Runo 9. The Healing of Väinämöinen. The old man also has forgotten some parts of the magical incantation, but Väinämöinen reminds him and he completes the healing spell. The flow of blood from Väinämöinen's knee stops, and the old man's son goes into the woods to gather ointments and salves to heal the wound. Väinämöinen recovers, and warns listeners not to take up impossible tasks on a dare, and acquiesce to the will of Jumala.
Runo 10. The Forging of the Sampo. Väinämöinen returns home and urges Ilmarinen to journey to Pohjola and forge the Sampo. Ilmarinen suspiciously hesitates and then refuses, but Väinämöinen tricks him by singing into existence an enchanting fir tree with the Great Bear (the Big Dipper) on its branches and the moon on its crown. Climbing up the tree, Ilmarinen is caught up in a whirlwind and is magically delivered to distant Pohjola. There, he is well received, and sets to work forging the Sampo. When it is done, the mistress of Pohjola locks it up in Pohjola's Stone Mountain. Ilmarinen then asks for the beautiful daughter's hand to wed, but is rebuffed. Dejected, he goes home and tells Väinämöinen that the Sampo has been built and is busy grinding things for Pohjola.
Runo 11. The Exploits of Lemminkäinen. Lemminkäinen is very handsome, but is also a rascal filled with wanderlust. He hears of Kyllikki, a beautiful island maiden much sought after, but disdainful of all her suitors. Lemminkäinen goes to the island to woo her, but she refuses him too, so he carries her away by force. Resisting at first, she finally gives in to his love when he promises to never go off to war. Likewise, she promises to never go to parties without him or gossip around the village. Lemminkäinen's mother is delighted with her new daughter-in-law.
Runo 12. The Broken Promise. While Lemminkäinen is away gathering fish, Kyllikki goes to a dance with her girlfriends in the village. Lemminkäinen finds out, and, his trust shattered, he angrily prepares to go off to war. His mother begs him not to go, protesting that he shall surely be killed. He leaves his hairbrush, saying that if he dies it will bleed. Arriving in Pohjola some time later, he defeats and scatters all the Pohjola wizards in a singing contest with them. He ignores only Wet-Hat, an ugly cow herder, believing him to be beneath contempt. Angered, Wet-Hat runs to the river where he lies in wait to get his revenge on Lemminkäinen.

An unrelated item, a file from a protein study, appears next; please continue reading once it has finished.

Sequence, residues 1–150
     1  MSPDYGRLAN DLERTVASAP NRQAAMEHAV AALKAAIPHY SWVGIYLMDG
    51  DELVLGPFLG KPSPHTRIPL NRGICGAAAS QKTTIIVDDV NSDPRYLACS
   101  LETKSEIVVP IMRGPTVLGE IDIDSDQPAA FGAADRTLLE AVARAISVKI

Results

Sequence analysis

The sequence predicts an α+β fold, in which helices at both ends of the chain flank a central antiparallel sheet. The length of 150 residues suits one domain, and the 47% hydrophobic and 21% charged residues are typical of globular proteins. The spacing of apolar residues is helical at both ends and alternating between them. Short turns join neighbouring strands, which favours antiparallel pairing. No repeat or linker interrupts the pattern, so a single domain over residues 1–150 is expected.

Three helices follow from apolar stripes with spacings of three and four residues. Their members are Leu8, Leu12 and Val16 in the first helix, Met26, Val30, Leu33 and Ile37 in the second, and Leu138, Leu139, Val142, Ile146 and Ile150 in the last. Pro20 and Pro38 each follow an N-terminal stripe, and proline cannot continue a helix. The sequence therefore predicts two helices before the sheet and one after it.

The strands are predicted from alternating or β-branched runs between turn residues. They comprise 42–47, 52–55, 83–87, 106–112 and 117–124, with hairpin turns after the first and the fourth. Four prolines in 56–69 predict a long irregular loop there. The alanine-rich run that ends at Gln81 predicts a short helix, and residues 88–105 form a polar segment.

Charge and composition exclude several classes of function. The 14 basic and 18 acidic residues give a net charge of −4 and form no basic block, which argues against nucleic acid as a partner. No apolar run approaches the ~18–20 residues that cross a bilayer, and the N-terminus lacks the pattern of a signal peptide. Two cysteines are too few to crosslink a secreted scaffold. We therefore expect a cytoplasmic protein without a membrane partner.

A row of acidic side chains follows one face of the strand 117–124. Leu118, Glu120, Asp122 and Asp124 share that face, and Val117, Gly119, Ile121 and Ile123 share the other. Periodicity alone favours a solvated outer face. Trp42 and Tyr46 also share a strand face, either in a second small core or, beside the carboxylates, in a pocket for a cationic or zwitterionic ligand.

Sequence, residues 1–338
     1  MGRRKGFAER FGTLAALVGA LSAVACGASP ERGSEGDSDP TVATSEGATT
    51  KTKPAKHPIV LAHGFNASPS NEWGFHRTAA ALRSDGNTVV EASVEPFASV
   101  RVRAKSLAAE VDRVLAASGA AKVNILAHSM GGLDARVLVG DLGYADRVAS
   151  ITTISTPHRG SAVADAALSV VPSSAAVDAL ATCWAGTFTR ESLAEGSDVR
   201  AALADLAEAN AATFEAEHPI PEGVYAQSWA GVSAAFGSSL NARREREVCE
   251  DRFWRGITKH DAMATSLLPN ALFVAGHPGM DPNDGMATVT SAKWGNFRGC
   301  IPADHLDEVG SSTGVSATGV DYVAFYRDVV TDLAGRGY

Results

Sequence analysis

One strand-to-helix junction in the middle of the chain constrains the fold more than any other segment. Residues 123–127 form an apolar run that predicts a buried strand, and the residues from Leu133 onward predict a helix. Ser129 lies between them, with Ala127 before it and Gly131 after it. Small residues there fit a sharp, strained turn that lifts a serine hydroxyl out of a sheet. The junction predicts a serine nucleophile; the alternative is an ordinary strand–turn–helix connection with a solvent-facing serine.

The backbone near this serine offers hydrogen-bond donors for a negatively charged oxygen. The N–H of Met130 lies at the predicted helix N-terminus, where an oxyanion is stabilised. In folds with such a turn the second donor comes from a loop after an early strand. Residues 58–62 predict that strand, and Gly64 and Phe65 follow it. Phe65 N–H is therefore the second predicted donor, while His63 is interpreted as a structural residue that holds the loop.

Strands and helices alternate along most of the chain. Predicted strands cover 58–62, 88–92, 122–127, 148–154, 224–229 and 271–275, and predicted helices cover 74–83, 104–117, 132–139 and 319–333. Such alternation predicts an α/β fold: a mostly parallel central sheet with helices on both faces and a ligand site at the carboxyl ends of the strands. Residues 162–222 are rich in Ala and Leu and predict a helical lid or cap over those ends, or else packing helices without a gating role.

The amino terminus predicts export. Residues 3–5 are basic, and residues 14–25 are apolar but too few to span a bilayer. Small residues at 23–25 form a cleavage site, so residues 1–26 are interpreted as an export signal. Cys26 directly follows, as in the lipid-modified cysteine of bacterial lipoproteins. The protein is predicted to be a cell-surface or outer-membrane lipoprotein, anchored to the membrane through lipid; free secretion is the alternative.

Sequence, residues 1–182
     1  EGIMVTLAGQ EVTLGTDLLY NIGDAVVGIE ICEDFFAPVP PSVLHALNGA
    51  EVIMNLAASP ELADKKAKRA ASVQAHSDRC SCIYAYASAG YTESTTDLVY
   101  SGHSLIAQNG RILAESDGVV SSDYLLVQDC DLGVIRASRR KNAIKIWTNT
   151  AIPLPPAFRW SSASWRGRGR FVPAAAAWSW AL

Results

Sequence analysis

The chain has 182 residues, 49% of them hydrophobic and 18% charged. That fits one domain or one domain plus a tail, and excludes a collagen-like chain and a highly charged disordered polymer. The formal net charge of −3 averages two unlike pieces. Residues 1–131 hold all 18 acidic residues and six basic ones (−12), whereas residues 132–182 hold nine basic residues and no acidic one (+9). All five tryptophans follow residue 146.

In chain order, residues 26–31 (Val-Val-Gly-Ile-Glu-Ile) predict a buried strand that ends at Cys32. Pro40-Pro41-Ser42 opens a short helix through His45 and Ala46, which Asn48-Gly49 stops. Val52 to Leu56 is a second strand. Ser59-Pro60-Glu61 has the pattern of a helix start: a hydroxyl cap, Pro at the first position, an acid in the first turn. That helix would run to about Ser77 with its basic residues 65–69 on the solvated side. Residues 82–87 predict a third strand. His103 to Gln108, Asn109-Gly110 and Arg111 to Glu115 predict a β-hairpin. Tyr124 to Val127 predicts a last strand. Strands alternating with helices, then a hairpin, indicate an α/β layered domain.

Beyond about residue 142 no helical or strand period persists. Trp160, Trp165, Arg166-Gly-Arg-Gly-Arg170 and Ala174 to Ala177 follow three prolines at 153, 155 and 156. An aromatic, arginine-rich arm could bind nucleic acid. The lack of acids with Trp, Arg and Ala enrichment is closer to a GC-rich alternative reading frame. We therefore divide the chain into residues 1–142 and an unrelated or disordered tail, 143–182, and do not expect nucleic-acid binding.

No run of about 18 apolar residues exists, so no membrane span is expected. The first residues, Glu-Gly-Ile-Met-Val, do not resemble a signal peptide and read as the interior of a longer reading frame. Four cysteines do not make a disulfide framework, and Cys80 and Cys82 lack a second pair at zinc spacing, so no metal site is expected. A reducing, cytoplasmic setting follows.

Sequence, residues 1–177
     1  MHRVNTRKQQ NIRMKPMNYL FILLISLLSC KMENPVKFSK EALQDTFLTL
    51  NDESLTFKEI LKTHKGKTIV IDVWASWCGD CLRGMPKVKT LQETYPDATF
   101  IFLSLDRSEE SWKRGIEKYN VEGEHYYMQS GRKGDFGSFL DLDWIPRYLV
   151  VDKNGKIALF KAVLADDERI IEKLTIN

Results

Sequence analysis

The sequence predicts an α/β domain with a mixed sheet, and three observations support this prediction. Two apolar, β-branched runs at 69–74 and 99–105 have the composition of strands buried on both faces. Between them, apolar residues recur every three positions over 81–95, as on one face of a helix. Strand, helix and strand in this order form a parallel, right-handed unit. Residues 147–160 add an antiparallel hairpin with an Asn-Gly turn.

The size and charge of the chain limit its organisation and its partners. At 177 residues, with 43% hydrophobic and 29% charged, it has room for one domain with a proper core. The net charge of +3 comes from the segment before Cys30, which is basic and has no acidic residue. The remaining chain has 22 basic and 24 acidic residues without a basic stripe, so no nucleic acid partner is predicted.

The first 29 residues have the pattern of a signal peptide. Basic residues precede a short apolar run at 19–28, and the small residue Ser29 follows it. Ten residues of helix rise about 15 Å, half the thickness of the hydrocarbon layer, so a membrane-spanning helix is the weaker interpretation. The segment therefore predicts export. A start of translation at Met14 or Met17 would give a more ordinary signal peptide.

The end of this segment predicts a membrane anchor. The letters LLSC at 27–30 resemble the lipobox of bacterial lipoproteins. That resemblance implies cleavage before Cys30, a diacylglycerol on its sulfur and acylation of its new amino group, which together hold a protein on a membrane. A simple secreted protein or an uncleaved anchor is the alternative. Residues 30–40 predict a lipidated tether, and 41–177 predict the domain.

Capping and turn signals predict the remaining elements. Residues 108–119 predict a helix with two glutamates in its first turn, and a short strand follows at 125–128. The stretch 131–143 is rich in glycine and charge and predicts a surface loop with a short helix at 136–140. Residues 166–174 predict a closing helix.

Runo 13. The Elk Chase. Lemminkäinen asks Louhi for one of her daughters. She refuses, saying he must first catch the Elk of Hiisi (the Devil) in a ski chase. He goes to a ski maker but is secretly given skis made of bad wood. After an exciting chase through the snow filled forests, Lemminkäinen does momentarily catch the elk, but it bolts and he breaks his skis trying to catch it.
Runo 14. The Death of Lemminkäinen. With the help of hunters' charms and forest spirits, Lemminkäinen finally catches the elk. The mistress then demands other deeds of him, including shooting the swan in the river of Tuonela (the river of death). On his way along the river, Wet-Hat, lying in wait, shoots Lemminkäinen with a poison arrow. Forgetting the charm to cure the poison, Lemminkäinen staggers, dying, and is thrown into the river after being chopped to pieces by the son of Tuoni.
Runo 15. Lemminkäinen's Resurrection. Back at home, Lemminkäinen's mother and Kyllikki frightfully watch the brush begin to bleed. Rushing off to Pohjola to find her son, Lemminkäinen's mother is led astray by Louhi, but the sun tells her what happened. She asks Ilmarinen to make a rake for her, retrieves all of Lemminkäinen's body parts by raking through the river, and fits him together with the help of special charms. To restore him to life, she sends a bee to get an ointment from the Creator's storehouse. Lemminkäinen revives and they return home together.
Runo 16. Väinämöinen's Journey to Tuonela. Väinämöinen sends Sampsa Pellervoinen, the little man, to fetch wood for a boat he is building. Using a solid oak log that Sampsa found for him, he begins singing the boat into shape, but forgets one of the magic verses. He decides to journey to Tuonela, the land of the dead, to find it. Arriving at the bank of death's river, Väinämöinen pretends to have died in order to get in, but Tuoni's clever daughter will not ferry him across until he tells her the truth. He eventually tells her why he came and she boats him across. On the other side, the old man of Tuonela tries to trap Väinämöinen, but he narrowly escapes back to the land of the living and warns everyone never to attempt to go to Tuonela.
Runo 17. In the Belly of Vipunen. Väinämöinen decides to seek his missing magic verse from Antero Vipunen, a famous giant shaman who has been asleep for ages. Surviving dangerous trials along the way, Väinämöinen finds him and, prying open the giant's mouth, Väinämöinen falls in. Once in Vipunen's belly, Väinämöinen torments the giant shaman so much that he sings out all his magical charms for Väinämöinen to hear. Väinämöinen escapes with the verse he was looking for, returns home, and completes his boat.
Runo 18. The Rival Suitors. Väinämöinen sets sail for Pohjola to court the daughter of Northland. However, Ilmarinen finds out and knows she was promised to him, so he also sets out. Seeing them both arriving, Louhi, the mistress of Pohjola, advises her daughter to choose Väinämöinen. But she wants the forger of the Sampo, and tells Väinämöinen as much.